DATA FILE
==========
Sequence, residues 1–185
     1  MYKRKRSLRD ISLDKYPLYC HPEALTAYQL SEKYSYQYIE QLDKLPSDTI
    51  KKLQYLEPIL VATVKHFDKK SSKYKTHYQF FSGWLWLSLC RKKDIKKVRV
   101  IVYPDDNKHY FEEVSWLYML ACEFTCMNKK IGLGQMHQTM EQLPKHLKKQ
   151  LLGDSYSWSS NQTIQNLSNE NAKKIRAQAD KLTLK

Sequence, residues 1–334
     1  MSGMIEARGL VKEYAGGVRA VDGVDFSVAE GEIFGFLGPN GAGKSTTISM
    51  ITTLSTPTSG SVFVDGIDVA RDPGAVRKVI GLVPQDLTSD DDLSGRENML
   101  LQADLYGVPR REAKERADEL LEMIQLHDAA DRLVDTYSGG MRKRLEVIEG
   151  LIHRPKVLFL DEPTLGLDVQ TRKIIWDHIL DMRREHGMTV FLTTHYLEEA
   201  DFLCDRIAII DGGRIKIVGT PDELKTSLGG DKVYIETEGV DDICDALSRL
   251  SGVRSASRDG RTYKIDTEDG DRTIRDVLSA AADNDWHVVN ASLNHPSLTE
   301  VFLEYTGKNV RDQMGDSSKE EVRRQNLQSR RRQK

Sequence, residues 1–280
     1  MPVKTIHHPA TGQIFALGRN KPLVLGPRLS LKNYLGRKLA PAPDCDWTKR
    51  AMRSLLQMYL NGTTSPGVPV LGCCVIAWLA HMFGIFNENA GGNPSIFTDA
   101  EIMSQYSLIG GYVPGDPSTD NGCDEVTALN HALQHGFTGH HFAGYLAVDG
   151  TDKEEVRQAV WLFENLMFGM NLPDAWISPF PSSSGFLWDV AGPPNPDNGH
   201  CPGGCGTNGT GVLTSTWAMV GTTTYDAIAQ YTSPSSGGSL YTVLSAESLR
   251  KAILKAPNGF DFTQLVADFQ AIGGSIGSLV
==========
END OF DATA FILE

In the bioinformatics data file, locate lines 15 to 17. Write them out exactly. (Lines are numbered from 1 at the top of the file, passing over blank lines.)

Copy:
     1  MPVKTIHHPA TGQIFALGRN KPLVLGPRLS LKNYLGRKLA PAPDCDWTKR
    51  AMRSLLQMYL NGTTSPGVPV LGCCVIAWLA HMFGIFNENA GGNPSIFTDA
   101  EIMSQYSLIG GYVPGDPSTD NGCDEVTALN HALQHGFTGH HFAGYLAVDG